It will be normal for a pregnant Chihuahua to rest quite a bit and eat more than normal. Food should never be denied. She should be limited from any excessive exercise and not allowed to jump from heights. There may be some slight mood swings; generally, the typical change in behavior will be regarding an urge to retreat and to nest.

The whelping box and all needed supplies should be prepared well in advance. Plan to have an assistant with you and emergency numbers to call in case there are issues.

Entering Labor

You will know that your Chihuahua is going to have puppies within 24 hours by knowing when her internal temperature drops below normal. Have your Chihuahua in an area where she feels safe and comfortable. Use a rectal or oral thermometer but use it rectally. You should lubricate it will and insert it about a half-inch. Leave it for three minutes. Your dog’s normal temperature should be between 101 and 102.5 Fahrenheit (38.3 to 39.17 Celsius).

When your Chihuahua’s temperature drops below 100 F (37.77 C), she should deliver the Chihuahua pups in less than twenty-four hours. She may also vomit and cry during this stage of labor. While it is difficult to hear and watch your Chihuahua whimpering, you must remain strong for her. She will need your gentle, kind words of encouragement.

While whining is normal, do keep a close eye on the following signs of danger:

Warning Signs

Please watch out for these warning signs. You will want to bring your Chihuahua to the vet ASAP if:

  • She has been pregnant for more than 70 days
  • It has been 24 hours since her temperature dropped and she is vomiting and/or crying but no puppies have come out
  • One puppy came out, but it has been more than 2 hours without any more coming out (and you know she has more)
  • She appears to be in a significant amount of pain

Giving Birth

If she will not be having a Cesarean the birth should take place as follows:

Each puppy is born in his or her own amniotic sac. Canine instinct drives the dam to lick this off the newborn and sometimes she will ingest it. This is nature’s way.

If the sac is not removed within seconds of the puppy emerging, you must do this by gently tearing it near the chest and pull off and out over the head. Again, be very gentle. 

The sac may be a dark purplish color or it may be more translucent. The puppies may come out one right after the other or there may be a time span of up to 2 hours.

As each puppy is born, the mother Chihuahua will lick the pup clean and also chew away at and possibly eat the umbilical cord.

Again, this is a natural instinct. When the dam licks the pup, she is also stimulating the newborn to breathe. During this time you can help clear away fluids by gently using an infant suction bulb to the mouth and nose. Using a clean soft and small towel, you can carefully wrap the newborn for a moment, gently wiping away fluids without impeding the dam’s instinct to lick.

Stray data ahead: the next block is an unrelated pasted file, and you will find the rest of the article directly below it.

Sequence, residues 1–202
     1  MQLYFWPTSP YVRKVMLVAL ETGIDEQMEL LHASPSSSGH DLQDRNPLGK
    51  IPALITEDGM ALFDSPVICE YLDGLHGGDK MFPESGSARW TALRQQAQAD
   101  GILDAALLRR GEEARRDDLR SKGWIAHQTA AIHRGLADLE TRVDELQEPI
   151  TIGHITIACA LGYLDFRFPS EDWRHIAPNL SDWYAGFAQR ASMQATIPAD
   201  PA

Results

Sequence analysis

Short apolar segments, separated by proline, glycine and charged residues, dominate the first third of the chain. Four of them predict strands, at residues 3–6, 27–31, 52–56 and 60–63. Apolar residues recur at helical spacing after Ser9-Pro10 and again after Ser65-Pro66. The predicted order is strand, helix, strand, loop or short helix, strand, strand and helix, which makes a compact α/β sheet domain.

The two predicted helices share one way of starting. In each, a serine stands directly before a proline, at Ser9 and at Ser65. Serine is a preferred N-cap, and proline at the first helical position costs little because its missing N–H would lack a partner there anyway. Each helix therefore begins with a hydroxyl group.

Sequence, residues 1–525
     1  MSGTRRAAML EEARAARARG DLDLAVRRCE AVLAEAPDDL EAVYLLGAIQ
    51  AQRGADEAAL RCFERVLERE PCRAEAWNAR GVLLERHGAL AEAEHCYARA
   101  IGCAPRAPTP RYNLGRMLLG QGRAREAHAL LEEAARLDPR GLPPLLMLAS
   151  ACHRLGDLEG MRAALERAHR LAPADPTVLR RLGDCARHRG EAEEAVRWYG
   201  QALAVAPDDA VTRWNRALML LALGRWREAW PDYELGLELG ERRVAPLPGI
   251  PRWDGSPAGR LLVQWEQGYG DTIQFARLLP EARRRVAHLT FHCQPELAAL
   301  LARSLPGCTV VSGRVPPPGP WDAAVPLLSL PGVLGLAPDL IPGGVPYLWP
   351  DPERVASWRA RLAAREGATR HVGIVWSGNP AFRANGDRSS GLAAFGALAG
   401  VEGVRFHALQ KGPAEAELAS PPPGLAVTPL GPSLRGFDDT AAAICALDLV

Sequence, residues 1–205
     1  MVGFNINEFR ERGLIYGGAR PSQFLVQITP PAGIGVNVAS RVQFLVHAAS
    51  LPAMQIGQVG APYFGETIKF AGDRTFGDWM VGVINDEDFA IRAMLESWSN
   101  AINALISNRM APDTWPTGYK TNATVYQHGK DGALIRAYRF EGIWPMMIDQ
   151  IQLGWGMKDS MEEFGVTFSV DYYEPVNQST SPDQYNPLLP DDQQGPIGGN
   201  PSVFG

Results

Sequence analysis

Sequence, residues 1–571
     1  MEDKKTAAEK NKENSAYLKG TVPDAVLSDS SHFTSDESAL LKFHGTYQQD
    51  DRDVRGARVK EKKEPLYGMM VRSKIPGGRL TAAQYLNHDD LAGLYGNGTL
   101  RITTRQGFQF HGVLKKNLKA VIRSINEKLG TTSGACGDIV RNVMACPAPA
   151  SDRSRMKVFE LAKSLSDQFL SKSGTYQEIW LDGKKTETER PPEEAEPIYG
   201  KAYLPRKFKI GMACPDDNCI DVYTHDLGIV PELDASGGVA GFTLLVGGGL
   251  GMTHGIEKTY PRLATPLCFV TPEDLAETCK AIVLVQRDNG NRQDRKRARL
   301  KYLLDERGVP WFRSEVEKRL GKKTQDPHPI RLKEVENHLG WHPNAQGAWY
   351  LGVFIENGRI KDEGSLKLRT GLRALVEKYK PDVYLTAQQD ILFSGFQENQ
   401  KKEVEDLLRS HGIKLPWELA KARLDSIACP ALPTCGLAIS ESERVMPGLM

About placenta

Just as with humans, the placenta will need to be pushed out after the birthing. When the final puppy comes out, the placenta will soon follow. As you may have guessed, the mother Chihuahua may eat this as well. Whether the mother eats the sac, the cord, or the placenta, do not stop her as it is a very strong inbred instinct for her to do so. If the dam does not chew the cord to release it, it must be cut with sterilized scissors approximately 1 inch from the stomach and tied off with sterilized thread if it is bleeding.

If a Cesarean is performed, your Chihuahua may experience fur loss as a result of the anesthetics. This is a normal reaction and in time, the coat will grow back. Due to changes in hormonal levels, a heavy shedding is to be expected after birthing a litter; this is known as ‘blowing the coat’. 

Remember, if it was a rare occurrence for a Chihuahua to give birth and have healthy puppies, this breed would not be around! Archaeologists estimate that the Chi has been with us at least since 600 AD. Therefore, while there is always a risk of stillborn puppies or a need for medical intervention, most Chihuahuas will be just fine. 

Canine False Pregnancies

A Chihuahua can sometimes have a false pregnancy. What does this mean? For reasons unknown, a female dog can have an imbalance of chemicals that triggers her body into “thinking” she is pregnant with puppies. When this happens, the belly can swell, the dog will have an increase in breast tissue and the dog may even begin to produce milk.

If this has happened to your Chihuahua, in about a month or so, these physical symptoms will begin to fade and all will return to normal.

Keeping Your Dog Safe

Do not allow an un-spayed female to leave your sight for a moment.  She may enter into her heat season before you notice the signs. Mating can occur if your dog is unsupervised for even a moment and there is a male dog in the area. Males will smell a female in the heat from up to 3 miles away. Un- neutered male dogs that are allowed to roam, will sometimes “stake out” a home with a female dog in it, just waiting for an opportunity.

Therefore, if there is even a chance that this happened, it is very important to then bring your dog to the veterinarian. If she was mounted by another dog, and you were not aware of it, you also would not know what breed of dog paired with her.

This makes a vet check very important, as since the Chi is the smallest dog breed in the world, if a larger breed dog mated to her, you and your vet will want to know right away.